8 hours of writing
5 permanent markers
3 baths and 2 showers to clean off
Part of a campaign to promote writing on designated graffiti walls rather than someone elses property.
Had a brief exchange with a colleague today about the Slashdot redesign winner, which is very nice. Comparing with the older design, the new one adds a good deal of white space around the margins by removing the black background and increases height between lines of text, which makes the left nav much easier on the eyes. The previous design always felt cramped to me.
In any case, the topic of fonts came up and we were discussing the merits of the new font selection. The new font on Slashdot is Tahoma, which has a pretty good installed base that's only slightly smaller than Arial. Like Verdana, Tahoma is a wide font specifically made for the screen and has a large x-height. Tahoma doesn't have the extra wide letter spacing of Verdana, which is supposed to make that font easier to read onscreen, but also causes it to push lines much wider than may be wanted. If you look at the fonts in the image below, you'll see how the spacing between letters differs in each typeface.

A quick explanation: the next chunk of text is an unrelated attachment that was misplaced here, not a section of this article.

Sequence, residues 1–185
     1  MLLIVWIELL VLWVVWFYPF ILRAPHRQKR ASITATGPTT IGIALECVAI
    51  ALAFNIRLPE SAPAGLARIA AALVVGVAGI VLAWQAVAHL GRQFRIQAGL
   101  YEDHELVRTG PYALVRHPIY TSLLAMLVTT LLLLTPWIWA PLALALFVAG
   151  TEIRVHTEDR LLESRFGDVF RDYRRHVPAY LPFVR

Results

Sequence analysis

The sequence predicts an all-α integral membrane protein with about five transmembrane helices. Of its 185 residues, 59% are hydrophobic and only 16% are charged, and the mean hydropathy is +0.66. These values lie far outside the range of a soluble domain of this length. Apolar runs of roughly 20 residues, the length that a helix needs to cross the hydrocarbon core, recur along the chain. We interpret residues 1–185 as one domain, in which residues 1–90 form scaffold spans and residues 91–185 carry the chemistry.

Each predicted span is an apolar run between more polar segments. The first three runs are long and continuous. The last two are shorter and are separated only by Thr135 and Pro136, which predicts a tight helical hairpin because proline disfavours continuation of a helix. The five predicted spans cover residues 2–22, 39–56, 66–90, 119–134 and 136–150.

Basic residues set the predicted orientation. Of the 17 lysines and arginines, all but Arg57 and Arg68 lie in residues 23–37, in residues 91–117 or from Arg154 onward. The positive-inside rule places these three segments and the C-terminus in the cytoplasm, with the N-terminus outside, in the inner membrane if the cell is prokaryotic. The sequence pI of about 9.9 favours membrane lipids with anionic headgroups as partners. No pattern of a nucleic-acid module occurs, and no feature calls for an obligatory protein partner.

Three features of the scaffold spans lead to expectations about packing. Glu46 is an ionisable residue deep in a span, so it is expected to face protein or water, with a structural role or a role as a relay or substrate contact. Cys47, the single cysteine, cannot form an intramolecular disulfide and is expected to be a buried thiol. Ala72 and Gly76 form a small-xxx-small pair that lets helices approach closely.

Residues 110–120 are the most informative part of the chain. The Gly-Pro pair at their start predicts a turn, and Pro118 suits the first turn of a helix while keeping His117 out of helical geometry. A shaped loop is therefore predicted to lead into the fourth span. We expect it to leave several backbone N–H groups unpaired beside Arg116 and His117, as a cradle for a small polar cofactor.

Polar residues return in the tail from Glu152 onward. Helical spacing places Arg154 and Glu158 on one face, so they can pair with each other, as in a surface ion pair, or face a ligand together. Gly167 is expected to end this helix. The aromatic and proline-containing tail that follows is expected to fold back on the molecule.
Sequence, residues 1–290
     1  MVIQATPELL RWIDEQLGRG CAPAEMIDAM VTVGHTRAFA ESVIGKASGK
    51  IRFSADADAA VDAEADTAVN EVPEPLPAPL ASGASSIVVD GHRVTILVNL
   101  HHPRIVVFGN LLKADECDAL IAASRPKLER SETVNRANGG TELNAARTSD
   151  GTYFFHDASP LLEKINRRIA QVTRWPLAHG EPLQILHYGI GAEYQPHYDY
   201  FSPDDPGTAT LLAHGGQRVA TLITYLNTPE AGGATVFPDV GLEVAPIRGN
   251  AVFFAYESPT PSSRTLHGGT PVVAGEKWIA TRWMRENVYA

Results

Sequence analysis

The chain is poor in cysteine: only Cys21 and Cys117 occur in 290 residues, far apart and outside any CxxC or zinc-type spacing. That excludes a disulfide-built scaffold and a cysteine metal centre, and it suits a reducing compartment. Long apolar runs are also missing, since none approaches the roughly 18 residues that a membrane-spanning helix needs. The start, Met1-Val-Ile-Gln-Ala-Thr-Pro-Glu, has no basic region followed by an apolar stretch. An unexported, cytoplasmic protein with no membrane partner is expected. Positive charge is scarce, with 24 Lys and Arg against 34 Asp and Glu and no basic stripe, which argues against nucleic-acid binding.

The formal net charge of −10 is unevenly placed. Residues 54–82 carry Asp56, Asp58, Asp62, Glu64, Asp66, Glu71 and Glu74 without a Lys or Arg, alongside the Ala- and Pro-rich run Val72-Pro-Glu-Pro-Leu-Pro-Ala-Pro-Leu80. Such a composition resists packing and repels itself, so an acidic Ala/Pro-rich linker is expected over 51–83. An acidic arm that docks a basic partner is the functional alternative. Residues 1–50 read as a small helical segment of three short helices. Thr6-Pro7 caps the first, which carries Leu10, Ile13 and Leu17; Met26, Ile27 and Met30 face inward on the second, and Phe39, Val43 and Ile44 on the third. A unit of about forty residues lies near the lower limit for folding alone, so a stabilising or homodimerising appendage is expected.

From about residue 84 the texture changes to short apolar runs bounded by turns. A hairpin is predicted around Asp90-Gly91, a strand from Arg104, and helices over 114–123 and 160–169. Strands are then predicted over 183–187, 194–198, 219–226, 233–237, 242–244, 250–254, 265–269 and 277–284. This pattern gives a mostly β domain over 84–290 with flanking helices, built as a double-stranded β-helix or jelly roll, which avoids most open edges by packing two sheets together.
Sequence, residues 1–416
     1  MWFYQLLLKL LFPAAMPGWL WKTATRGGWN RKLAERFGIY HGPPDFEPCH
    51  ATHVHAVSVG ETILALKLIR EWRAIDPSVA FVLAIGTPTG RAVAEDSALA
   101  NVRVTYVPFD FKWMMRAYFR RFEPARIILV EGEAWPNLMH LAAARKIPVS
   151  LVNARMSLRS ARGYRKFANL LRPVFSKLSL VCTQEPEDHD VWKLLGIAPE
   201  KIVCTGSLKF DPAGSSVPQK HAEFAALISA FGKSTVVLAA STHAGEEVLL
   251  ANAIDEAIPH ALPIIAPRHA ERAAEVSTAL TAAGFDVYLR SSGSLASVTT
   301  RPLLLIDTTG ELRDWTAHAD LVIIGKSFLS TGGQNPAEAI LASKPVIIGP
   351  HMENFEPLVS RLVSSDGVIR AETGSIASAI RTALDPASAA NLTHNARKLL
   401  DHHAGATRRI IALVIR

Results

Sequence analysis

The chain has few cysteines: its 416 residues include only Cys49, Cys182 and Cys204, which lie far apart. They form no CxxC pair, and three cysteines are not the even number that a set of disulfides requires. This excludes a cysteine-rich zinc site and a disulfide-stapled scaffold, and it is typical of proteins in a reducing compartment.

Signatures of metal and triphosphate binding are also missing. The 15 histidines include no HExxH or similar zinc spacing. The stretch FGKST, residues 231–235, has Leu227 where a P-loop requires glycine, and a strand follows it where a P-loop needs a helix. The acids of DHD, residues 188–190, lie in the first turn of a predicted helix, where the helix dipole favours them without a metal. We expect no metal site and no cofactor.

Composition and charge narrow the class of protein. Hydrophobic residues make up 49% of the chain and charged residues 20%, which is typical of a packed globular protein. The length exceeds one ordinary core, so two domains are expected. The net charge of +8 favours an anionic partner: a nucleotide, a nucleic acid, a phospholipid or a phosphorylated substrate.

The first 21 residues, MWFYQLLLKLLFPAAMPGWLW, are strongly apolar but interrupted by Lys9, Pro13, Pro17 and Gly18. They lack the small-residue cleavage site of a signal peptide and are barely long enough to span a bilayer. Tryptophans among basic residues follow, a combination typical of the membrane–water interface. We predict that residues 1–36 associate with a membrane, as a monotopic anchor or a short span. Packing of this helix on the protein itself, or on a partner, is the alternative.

Which do you find most readable? In the end it will be a matter of style and preference, but an interesting usability study in Usability News 4.1 2002 on fonts and reading time, perceived legibility and attractiveness finds Verdana the winner. I agree that Verdana is very readable, but it's also kind of ugly. In the end, the choice is really a matter of style and attractiveness with any of the above. Tahoma seems a a solid enough compromise.
Web-based font application that allows you to draw your own fonts on screen within a 10 x 10 pixel grid and gives you a .ttf file of your results.
Upload screenshots of fonts and this application analyzes the letterforms and guesses at the closes font.